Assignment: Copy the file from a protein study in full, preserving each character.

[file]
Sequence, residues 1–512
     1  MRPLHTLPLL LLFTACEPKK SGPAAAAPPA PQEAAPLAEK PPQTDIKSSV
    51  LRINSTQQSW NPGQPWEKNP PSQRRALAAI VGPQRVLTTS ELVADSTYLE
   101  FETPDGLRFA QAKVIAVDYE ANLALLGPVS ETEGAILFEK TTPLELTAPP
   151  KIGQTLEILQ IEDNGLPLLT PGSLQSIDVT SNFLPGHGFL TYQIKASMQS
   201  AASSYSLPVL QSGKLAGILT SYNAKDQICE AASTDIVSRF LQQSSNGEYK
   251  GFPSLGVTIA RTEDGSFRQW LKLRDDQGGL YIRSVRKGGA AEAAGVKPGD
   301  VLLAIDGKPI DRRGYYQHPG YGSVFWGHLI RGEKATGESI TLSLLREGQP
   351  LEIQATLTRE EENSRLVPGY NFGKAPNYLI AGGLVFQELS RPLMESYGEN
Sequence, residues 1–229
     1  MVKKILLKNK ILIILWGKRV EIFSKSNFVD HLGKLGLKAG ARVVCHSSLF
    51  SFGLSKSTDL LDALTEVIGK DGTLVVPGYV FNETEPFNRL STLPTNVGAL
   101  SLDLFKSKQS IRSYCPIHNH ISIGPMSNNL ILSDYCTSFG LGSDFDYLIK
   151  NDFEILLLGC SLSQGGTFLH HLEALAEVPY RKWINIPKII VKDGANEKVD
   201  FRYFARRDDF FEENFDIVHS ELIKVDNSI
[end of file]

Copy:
Sequence, residues 1–512
     1  MRPLHTLPLL LLFTACEPKK SGPAAAAPPA PQEAAPLAEK PPQTDIKSSV
    51  LRINSTQQSW NPGQPWEKNP PSQRRALAAI VGPQRVLTTS ELVADSTYLE
   101  FETPDGLRFA QAKVIAVDYE ANLALLGPVS ETEGAILFEK TTPLELTAPP
   151  KIGQTLEILQ IEDNGLPLLT PGSLQSIDVT SNFLPGHGFL TYQIKASMQS
   201  AASSYSLPVL QSGKLAGILT SYNAKDQICE AASTDIVSRF LQQSSNGEYK
   251  GFPSLGVTIA RTEDGSFRQW LKLRDDQGGL YIRSVRKGGA AEAAGVKPGD
   301  VLLAIDGKPI DRRGYYQHPG YGSVFWGHLI RGEKATGESI TLSLLREGQP
   351  LEIQATLTRE EENSRLVPGY NFGKAPNYLI AGGLVFQELS RPLMESYGEN
Sequence, residues 1–229
     1  MVKKILLKNK ILIILWGKRV EIFSKSNFVD HLGKLGLKAG ARVVCHSSLF
    51  SFGLSKSTDL LDALTEVIGK DGTLVVPGYV FNETEPFNRL STLPTNVGAL
   101  SLDLFKSKQS IRSYCPIHNH ISIGPMSNNL ILSDYCTSFG LGSDFDYLIK
   151  NDFEILLLGC SLSQGGTFLH HLEALAEVPY RKWINIPKII VKDGANEKVD
   201  FRYFARRDDF FEENFDIVHS ELIKVDNSI